• Temperature limitations will more difficult to prevent, since infrequent mixing events do little to control the temperature in the bed, with the temperature gradient that was present before the mixing event being re-established relatively quickly after the mixing event (the speed at which it is re-established depending on the bed height and the flux of air). To minimize temperature limitations, it will be necessary to optimize the combination of air flux, bed height, and inlet air temperature. Of course, the optimal combination will also depend on the specific growth rate of the organism. There appears to be relatively little advantage in blowing unsaturated air into the bioreactor, as this will cause large moisture gradients within the bed during the periods of static operation.

The operation of intermittently-mixed forcefully-aerated bioreactors certainly deserves more attention, as they represent a middle ground between the advantages and disadvantages of continuous mixing. Attention needs to be given to the following issues:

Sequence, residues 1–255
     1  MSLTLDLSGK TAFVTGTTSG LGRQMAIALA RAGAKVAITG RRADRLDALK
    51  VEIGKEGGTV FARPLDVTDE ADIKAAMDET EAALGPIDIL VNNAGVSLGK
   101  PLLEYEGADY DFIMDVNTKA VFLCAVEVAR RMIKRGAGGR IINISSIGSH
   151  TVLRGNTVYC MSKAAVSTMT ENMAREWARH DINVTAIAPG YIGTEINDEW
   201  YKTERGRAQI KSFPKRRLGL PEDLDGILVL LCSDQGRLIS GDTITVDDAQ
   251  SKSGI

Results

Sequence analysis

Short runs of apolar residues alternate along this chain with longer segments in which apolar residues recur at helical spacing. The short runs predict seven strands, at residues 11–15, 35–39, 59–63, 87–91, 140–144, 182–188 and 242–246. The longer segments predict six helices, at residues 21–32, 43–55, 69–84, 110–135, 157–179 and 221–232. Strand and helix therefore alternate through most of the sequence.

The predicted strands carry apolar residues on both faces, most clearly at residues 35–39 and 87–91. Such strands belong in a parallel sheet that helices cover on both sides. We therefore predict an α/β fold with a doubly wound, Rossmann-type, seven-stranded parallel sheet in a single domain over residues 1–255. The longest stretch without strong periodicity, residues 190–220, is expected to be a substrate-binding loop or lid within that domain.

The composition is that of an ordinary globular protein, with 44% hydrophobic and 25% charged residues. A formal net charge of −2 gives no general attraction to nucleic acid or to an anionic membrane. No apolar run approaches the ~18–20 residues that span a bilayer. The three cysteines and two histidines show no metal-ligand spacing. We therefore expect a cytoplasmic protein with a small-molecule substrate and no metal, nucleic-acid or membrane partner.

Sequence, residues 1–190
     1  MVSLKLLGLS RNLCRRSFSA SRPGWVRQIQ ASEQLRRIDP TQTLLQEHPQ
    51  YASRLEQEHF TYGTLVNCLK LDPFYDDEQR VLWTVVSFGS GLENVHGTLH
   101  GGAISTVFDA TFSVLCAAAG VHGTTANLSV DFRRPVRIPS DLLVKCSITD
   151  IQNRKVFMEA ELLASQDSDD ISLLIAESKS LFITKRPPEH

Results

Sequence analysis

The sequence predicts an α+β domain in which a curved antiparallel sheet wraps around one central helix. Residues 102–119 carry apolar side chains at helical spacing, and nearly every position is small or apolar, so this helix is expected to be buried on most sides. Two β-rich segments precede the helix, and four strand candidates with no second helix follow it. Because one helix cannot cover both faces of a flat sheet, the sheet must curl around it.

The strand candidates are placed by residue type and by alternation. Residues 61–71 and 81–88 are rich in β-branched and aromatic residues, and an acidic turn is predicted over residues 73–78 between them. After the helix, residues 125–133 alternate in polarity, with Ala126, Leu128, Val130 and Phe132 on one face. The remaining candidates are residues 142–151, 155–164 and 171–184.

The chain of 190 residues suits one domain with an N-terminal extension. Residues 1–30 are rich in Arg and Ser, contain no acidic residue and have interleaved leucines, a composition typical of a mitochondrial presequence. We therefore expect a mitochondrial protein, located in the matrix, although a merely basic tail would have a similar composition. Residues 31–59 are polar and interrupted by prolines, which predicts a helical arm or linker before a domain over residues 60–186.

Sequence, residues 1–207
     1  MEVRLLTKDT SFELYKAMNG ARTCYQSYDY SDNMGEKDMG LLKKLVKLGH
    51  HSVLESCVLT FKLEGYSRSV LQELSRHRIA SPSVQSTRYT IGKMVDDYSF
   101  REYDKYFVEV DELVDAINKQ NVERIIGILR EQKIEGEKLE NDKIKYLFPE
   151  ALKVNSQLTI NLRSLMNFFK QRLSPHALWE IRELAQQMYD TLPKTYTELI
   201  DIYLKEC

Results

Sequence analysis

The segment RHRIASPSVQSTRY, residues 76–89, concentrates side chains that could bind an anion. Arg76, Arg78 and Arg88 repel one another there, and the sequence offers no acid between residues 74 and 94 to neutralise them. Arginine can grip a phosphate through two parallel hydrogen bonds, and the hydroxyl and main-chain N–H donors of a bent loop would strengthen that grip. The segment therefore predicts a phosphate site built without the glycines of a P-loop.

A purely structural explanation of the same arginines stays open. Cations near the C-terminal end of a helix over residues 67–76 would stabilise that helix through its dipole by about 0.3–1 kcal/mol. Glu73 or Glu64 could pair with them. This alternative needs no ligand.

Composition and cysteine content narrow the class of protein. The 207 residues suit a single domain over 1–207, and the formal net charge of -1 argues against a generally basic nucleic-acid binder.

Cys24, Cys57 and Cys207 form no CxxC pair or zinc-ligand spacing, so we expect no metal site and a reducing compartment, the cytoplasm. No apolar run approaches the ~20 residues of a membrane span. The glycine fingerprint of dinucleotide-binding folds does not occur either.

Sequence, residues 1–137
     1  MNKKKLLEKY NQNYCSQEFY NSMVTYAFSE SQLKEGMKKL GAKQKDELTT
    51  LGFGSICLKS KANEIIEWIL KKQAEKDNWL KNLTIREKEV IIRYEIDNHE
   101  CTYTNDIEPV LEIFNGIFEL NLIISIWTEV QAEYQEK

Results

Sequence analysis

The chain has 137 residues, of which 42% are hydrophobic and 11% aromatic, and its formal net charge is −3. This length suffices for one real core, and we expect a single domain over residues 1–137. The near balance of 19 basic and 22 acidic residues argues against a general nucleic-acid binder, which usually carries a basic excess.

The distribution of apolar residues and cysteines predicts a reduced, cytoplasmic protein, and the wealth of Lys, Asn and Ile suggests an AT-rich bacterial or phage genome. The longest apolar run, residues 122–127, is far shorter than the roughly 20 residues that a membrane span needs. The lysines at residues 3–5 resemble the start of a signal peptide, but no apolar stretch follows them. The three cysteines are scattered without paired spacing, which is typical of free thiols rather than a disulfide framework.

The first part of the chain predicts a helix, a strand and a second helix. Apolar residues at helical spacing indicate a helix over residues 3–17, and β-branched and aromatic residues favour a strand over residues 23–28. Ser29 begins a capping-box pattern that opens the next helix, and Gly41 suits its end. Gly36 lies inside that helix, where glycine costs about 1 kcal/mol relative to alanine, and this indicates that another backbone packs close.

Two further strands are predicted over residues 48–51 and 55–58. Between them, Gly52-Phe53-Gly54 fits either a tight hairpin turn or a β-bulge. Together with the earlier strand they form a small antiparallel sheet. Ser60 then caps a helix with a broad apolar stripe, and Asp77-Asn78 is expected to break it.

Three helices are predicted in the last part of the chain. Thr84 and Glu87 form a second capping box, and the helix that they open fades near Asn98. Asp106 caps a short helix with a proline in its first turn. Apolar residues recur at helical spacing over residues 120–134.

• determination of heat and mass transfer coefficients between the solids and gas phases. For example, in the case study shown in this chapter, the coefficients were borrowed from a study of the drying of corn;

• determination of the deleterious effects of mixing on the organism, and how it recovers after a mixing event;

• optimization of the agitation regime (frequency, duration, and intensity).

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